Soweto uprising in South Africa remembered 34 years later during World Cup
Soweto, a South African township, was the scene of an uprising that is remembered 34 years later on Wednesday, during the World Cup soccer tournament.
Soweto, South Africa — Amid World Cup fervor, South Africa observed a bittersweet holiday Wednesday with a cleansing ritual and other remembrances of Soweto students whose 1976 protest ignited a bloody and pivotal phase of the anti-apartheid struggle.
"We're celebrating what the youth of '76 was fighting for — and grieving for the loss of life," said 19-year-old Mbali Malinga, summing up the mixed emotions as she waited with her youth choir to sing at a wreath-laying ceremony.
Known as Youth Day, the holiday had an extra electricity this year because of the World Cup — and because South Africa's national team, Bafana Bafana, was playing on the same day.
For many South Africans, it was a day of relaxation and barbecues while waiting eagerly for kickoff. But in Soweto, scores of people gathered at sunrise, in below-freezing temperatures, for a first-of-its-kind ritual to commemorate those killed in the June 16 uprising 34 years earlier.
Colorfully dressed traditional healers knelt in a small cluster, then paraded up Vilakazi Street — Soweto's most famous road — holding candles, burning herbs, chanting and scattering potions on the pavement to the beat of a single drum. Clergymen who accompanied them raised their hands and, in unison, gave a blessing.
Among those on hand was 57-year-old Hlengiwe Mkhize, a Parliament member and deputy corrections minister who served on South Africa's post-apartheid Truth and Reconciliation Commission.
"The ritual of cleansing is very important when you need to move away from a terrible experience," she explained. "It's part of the healing process, to reclaim our spirituality without bitterness."
The cleansing procession was followed by the wreath-laying ceremony at the nearby Hector Pieterson Museum, dedicated to the 13-year-old boy who was the first to die from police gunfire after the Soweto students were ordered to disperse. They were protesting an edict ordering black students to be taught in Afrikaans, the language of the white-minority rulers.
Hundreds of blacks, many of them young people, were killed in ensuing clashes nationwide — a prelude to the conflict that escalated in the 1980s and finally led to apartheid's demise in the early 1990s.
Among the speakers at the commemorations was Fanyana Mazibuko, a science teacher at Morris Isaacson High School when the students there decided to stage the now-legendary protest.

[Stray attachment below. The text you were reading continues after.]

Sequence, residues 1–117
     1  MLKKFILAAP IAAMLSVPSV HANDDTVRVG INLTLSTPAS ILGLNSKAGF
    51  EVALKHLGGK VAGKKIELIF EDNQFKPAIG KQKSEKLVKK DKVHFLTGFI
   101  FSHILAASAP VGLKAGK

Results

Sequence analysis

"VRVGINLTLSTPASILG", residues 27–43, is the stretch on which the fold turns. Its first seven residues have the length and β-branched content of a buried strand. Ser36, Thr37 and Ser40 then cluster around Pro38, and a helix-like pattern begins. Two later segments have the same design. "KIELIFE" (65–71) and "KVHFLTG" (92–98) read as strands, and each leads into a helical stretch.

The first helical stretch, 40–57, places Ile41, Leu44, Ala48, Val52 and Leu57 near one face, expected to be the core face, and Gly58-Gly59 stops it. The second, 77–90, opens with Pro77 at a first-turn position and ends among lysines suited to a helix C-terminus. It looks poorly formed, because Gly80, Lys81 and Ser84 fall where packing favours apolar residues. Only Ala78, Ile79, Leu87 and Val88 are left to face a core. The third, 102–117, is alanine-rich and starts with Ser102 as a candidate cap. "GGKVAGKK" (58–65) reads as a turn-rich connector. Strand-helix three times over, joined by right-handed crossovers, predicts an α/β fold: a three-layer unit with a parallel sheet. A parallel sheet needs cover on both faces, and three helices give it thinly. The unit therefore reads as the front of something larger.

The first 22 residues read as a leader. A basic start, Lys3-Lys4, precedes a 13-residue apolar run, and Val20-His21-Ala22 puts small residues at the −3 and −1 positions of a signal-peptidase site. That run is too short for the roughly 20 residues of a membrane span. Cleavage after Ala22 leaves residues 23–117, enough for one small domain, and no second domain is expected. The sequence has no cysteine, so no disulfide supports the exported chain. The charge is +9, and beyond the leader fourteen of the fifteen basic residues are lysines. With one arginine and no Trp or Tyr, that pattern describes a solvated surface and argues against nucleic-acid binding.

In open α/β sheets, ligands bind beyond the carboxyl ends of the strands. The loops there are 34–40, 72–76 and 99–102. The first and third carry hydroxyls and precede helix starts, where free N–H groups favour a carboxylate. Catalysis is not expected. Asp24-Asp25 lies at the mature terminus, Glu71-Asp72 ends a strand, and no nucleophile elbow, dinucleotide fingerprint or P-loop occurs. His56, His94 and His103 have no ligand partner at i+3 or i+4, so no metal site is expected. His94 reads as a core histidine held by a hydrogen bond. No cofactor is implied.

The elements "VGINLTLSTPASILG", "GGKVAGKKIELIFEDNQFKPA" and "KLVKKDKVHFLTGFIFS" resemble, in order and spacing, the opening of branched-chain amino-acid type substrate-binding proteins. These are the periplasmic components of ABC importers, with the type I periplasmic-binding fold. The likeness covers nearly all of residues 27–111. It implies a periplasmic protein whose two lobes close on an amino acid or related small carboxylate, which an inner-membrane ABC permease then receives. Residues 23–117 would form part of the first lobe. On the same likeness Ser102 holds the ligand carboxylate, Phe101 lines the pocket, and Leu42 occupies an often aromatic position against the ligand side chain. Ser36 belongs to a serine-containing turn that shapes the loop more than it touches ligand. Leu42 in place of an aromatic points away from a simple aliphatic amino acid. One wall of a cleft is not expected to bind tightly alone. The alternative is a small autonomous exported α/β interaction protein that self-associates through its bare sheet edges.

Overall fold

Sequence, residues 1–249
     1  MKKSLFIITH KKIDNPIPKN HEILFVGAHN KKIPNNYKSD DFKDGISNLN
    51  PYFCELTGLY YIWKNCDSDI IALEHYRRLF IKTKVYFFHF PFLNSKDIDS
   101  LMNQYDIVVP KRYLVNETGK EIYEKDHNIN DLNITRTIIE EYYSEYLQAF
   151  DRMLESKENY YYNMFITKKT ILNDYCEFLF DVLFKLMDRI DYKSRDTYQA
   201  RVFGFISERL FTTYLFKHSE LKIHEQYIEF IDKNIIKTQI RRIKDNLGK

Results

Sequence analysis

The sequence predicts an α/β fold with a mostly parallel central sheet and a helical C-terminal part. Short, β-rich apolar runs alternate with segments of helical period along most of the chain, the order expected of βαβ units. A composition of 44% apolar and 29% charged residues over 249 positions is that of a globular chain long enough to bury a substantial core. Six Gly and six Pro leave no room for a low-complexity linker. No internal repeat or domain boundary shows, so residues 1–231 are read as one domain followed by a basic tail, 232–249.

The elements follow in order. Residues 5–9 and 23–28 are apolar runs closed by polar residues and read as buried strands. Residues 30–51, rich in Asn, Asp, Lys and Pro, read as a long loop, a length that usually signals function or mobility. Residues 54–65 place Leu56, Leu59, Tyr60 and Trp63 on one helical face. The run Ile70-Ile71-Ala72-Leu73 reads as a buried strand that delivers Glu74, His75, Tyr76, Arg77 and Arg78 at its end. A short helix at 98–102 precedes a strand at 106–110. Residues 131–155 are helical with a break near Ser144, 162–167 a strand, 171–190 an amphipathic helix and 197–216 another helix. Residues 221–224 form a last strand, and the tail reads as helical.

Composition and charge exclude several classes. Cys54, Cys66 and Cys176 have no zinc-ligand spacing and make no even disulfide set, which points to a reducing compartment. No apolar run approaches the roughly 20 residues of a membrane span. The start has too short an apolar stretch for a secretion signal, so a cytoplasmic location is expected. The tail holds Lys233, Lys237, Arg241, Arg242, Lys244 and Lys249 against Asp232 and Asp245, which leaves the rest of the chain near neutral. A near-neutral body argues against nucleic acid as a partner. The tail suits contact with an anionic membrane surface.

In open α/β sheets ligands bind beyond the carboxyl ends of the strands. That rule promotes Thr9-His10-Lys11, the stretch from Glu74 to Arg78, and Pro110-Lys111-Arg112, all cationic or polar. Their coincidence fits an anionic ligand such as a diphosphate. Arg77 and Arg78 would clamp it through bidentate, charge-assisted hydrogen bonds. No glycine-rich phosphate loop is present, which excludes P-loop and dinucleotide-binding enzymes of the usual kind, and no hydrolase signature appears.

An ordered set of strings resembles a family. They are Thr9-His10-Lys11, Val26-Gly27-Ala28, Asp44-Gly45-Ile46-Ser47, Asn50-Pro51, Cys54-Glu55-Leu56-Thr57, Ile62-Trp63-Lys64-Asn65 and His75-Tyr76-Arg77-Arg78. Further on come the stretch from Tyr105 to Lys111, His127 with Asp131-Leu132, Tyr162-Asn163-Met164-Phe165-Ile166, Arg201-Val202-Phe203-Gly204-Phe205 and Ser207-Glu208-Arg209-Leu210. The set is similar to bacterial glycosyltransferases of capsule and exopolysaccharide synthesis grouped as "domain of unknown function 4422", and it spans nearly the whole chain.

"We salute those who survived — we say thanks to those who laid down their lives," Mazibuko said.
He gently scolded South Africans who now treat the holiday as an excuse to party — or, this year, to focus single-mindedly on Bafana Bafana.
"We shouldn't let the euphoria of the World Cup cloud our minds," he said.
The Sowetan, a daily paper serving the vast township of more than 1 million residents, made a similar plea.
"Booze, bashes and other unmentionables now characterize how both young and old celebrate this day", it said an editorial on the eve of the holiday. "We are in danger of forgetting our history. ... We let our memories scatter in the wind."
Soweto now is vastly different than in 1976 — with a five-star hotel, an upscale shopping mall, many handsome, suburban-style homes. Yet many problems remain — including scattered pockets of shantytowns and local schools considered to be woefully below par.
Sibongile Mkhabela, who as a high school student was a leader of the 1976 protest and spent three years in jail, is now chief executive officer of the Nelson Mandela Children's Fund and keenly aware of the educational challenges that remain.
"Part of fighting Afrikaans was it was limiting our ability to be part of the global community," she said, referring to the demand to be taught in English.
"It's disappointing that even now so many children in Soweto have never had access to global village," she said. "Very few homes are online."
By midday Wednesday, with the commemoration services over and the chill abating, hundreds of local residents and foreign tourists flooded Vilakazi Street — now a hub of Soweto with restaurants, bed-and-breakfasts, and the homes of anti-apartheid heroes and Nobel Peace laureates Nelson Mandela and Archbishop Desmond Tutu.
Mandela, South Africa's first anti-apartheid president, is in frail health as he nears his 92nd birthday, and had no public appearances scheduled Wednesday.
"This month and this day belong to the youth of this country," Zuma said. "It is the month in which our youth put down an ineradicable stamp in the history of this country, braving all odds to fight for equal education for all."
Yet he took a moment to play World Cup cheerleader.
"Quite fittingly, with Bafana Bafana making us proud ... this is indeed a good day and a wonderful period in our country," he said. "Please continue to cheer up our national team."